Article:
Very rare loss-of-function mutations in the apolipoprotein C3 (APOC3) gene have been associated with low circulating apoC-III, low triglycerides, and reduced cardiovascular risk. We aimed to analyze the impact of common APOC3 variants on key parameters of lipid metabolism and coronary artery disease in the largest sample so far.
Common variants in APOC3 were tested for associations with circulating apoC-III, lipids, and apolipoprotein B (apoB) in 3041 participants of the LUdwigshafen RIsk and Cardiovascular health study (LURIC). These variants were then tested for associations with coronary artery disease in a meta-analysis comprising up to 332,389 participants of the CARDIOGRAMplusC4D consortium and the UK Biobank.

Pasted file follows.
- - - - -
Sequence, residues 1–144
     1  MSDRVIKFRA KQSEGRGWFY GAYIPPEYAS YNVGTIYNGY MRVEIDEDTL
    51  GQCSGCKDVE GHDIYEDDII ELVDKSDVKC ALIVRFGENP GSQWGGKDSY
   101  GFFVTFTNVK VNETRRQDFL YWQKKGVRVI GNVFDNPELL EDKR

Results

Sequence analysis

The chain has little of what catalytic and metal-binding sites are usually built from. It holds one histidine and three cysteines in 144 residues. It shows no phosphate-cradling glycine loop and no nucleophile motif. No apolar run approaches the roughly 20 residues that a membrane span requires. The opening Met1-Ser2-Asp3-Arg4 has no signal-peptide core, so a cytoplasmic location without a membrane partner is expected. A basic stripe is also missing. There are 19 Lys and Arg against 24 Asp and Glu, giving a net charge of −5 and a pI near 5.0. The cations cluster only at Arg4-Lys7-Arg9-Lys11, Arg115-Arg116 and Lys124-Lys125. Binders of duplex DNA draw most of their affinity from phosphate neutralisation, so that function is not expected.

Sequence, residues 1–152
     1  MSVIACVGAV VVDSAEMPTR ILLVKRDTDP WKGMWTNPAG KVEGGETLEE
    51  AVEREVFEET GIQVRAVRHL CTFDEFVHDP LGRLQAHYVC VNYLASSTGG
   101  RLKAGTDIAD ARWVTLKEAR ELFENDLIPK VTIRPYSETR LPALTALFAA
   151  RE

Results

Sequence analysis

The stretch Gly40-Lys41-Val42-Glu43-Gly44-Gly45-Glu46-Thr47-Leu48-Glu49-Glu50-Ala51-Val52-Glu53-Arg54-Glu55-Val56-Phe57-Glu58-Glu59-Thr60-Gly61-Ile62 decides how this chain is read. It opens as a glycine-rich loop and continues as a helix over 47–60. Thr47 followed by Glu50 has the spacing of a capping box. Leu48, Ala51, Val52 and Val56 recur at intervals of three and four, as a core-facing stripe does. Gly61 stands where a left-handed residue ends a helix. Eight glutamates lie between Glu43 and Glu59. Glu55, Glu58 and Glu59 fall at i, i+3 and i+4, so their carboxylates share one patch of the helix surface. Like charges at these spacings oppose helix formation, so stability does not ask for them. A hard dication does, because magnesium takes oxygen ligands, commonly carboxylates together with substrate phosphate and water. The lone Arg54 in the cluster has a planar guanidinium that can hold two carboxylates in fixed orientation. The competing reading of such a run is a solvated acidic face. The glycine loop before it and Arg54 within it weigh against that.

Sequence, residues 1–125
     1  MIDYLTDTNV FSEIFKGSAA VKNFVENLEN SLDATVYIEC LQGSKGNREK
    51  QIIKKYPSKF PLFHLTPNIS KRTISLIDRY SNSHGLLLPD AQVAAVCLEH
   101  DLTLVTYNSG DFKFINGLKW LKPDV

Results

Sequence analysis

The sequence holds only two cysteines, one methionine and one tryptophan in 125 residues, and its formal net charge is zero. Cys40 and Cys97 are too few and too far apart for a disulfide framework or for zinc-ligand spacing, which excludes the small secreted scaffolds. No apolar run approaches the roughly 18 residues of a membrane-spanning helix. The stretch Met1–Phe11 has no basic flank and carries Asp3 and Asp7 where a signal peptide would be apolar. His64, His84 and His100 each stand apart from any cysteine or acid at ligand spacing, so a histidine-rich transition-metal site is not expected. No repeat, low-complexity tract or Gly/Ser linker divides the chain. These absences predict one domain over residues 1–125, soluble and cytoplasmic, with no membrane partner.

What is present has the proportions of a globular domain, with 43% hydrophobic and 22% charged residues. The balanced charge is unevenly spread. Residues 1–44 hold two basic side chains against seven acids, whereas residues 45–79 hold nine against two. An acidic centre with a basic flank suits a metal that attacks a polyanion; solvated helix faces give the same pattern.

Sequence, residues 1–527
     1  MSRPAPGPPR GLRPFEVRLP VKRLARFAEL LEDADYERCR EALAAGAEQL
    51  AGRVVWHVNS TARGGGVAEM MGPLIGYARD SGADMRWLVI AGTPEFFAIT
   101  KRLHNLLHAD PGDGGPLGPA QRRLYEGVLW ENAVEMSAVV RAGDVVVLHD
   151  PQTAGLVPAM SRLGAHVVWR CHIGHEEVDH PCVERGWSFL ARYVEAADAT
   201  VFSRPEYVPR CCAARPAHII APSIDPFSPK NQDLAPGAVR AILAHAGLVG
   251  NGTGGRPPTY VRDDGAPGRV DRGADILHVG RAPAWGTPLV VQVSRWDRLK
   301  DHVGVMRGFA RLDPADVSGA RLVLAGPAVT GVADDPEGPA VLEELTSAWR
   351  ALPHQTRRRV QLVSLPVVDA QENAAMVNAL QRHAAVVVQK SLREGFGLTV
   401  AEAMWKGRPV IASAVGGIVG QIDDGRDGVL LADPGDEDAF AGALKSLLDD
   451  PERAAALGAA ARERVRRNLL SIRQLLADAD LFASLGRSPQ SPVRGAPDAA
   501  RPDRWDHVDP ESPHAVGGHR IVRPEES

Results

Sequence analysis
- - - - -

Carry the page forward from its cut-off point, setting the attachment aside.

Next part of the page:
The mean (standard deviation) apoC-III concentration was 14.6 (5.1) mg/dl. Seven common variants in APOC3 (rs734104, rs4520, rs5142, rs5141, rs5130, rs5128, and rs4225) were associated with circulating apoC-III (all p < 0.05). The alleles that modestly raised apoC-III were also associated with markedly higher total triglycerides and very low density lipoprotein (VLDL) triglycerides and cholesterol (all p  0.05). These variants were not associated with coronary artery disease in the CARDIOGRAMplusC4D consortium and the UK Biobank (all p > 0.1).
Modest, genetically caused elevations of apoC-III are associated with a marked increase of triglyceride-rich lipoproteins but not with an increase of LDL cholesterol, total apoB, and coronary artery disease. Whether effective inhibition of apoC-III production with antisense oligomers will be instrumental to reduce cardiovascular risk remains to be demonstrated.

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